Reports: Iraq intended to make illicit arms
By wire services
Published September 17, 2004
WASHINGTON - A new report on Iraq's illicit weapons program is expected to conclude that Saddam Hussein's government had a clear intent to produce nuclear, chemical and biological weapons if U.N. sanctions were lifted, the New York Times and Associated Press reported Thursday, quoting unnamed government officials. But the report finds no evidence that Iraq had begun any large-scale program for weapons production by the time of the U.S. invasion last year, the officials said.
The most specific evidence of an illicit weapons program, the unnamed officials said, has been uncovered in clandestine labs operated by the Iraqi Intelligence Service, which could have produced small quantities of lethal chemical and biological agents, though probably for use in assassinations, not to inflict mass casualties.
A draft report of nearly 1,500 pages that is now circulating within the government essentially reaffirms the findings of an interim review completed 11 months ago, the officials said. But they said it adds considerable detail, particularly on the question of Iraq's intention to produce weapons if U.N. sanctions were weakened or lifted, a judgment they said was based on documents signed by senior leaders and the debriefings of former Iraqi scientists and top officials, as well as other records.
A final version of the report, by Charles Duelfer, the top American weapons inspector in Iraq, is expected to be made public within the next several weeks.
Attorney: Evidence in prisoner's death is found
SAN DIEGO - Missing medical evidence taken from the body of an Iraqi man beaten by Marine prison guards resurfaced this week, a defense attorney for an officer charged in connection with the man's death said Thursday. For months, the military had insisted the evidence was lost.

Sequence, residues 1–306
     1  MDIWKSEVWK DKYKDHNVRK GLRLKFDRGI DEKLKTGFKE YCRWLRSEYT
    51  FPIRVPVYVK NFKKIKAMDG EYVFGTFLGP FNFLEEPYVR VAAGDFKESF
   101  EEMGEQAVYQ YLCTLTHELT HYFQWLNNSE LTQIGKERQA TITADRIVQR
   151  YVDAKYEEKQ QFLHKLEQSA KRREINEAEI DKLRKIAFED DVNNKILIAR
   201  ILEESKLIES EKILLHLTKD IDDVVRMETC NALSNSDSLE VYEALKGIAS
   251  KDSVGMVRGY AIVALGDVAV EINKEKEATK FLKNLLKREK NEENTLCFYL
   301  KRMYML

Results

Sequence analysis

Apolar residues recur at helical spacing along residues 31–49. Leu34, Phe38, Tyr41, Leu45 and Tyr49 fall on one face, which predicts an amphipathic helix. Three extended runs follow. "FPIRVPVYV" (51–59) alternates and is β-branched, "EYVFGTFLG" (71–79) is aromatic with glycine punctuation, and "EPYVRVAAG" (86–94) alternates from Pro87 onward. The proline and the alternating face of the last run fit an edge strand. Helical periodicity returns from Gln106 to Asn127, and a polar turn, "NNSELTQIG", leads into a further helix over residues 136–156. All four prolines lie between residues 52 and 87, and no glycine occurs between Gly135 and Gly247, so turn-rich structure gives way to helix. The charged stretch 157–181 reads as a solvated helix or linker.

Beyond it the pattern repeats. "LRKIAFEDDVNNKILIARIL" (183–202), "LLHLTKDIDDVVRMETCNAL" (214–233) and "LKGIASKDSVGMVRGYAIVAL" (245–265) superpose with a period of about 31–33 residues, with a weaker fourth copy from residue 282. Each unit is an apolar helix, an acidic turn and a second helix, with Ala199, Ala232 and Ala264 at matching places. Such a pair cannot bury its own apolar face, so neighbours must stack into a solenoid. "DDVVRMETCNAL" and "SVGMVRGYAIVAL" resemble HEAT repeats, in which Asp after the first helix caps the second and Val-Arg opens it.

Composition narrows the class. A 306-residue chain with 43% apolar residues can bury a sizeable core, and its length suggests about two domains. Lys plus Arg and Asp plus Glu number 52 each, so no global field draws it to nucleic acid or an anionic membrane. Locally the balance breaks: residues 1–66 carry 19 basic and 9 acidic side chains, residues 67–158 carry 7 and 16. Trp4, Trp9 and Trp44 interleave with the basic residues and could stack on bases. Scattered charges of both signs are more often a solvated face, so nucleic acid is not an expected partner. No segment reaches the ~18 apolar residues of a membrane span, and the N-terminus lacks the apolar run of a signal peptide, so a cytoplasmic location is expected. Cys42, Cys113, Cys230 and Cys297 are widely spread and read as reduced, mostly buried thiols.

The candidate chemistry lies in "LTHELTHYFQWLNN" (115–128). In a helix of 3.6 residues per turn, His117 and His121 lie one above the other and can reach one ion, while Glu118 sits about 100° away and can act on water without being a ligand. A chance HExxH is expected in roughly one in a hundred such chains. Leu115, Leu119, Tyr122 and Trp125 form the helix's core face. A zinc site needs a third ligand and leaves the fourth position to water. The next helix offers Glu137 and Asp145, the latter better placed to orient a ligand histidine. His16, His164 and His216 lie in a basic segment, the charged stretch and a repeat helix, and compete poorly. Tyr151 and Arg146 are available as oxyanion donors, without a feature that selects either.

An Army medical examiner found the larynx of Nagem Hatab in a freezer in Germany, said Keith Higgins, a civilian defense attorney. The examiner, Col. Kathleen Ingwersen, conducted Hatab's autopsy in Iraq and concluded he died from a broken bone in his neck.
Higgins represents Marine Maj. Clarke Paulus, who ran the jail at the prison camp and is accused of ordering one of his men to drag Hatab by his neck after the Iraqi suffered a severe bout of diarrhea and collapsed while in custody.
Paulus, 35, faces up to 41/2 years in prison if convicted of aggravated assault, dereliction of duty and maltreatment of prisoners. The court-martial is scheduled to begin in November at Camp Pendleton, the Marine base north of San Diego.
Also . . .
BODY FOUND: Early today, 40 miles north of Baghdad, police found the corpse of a man they believed to be a Westerner. The body was pulled from the Tigris River near the central Iraqi village of Yethrib, said Capt. Hakim al-Azawi, the head of security at Tikrit's Teaching Hospital.
The man, described as tall and well built with blond hair, had been shot in the back of the head. His hands were cuffed behind his back. No documents were found on the body.
HOSTAGE RELEASED: Kidnappers released a Jordanian truck driver Thursday after his company declared it would stop working in Iraq, a Jordanian Foreign Ministry official said.
Jordan's official Petra news agency quoted an unidentified Foreign Ministry official as saying Turki Simer Khalifeh al-Breizat was freed and taken to the Jordanian Embassy in Baghdad.
At least 12 Jordanians have been abducted since the U.S.-led invasion of Iraq in March 2003.
[Last modified September 17, 2004, 02:55:32]
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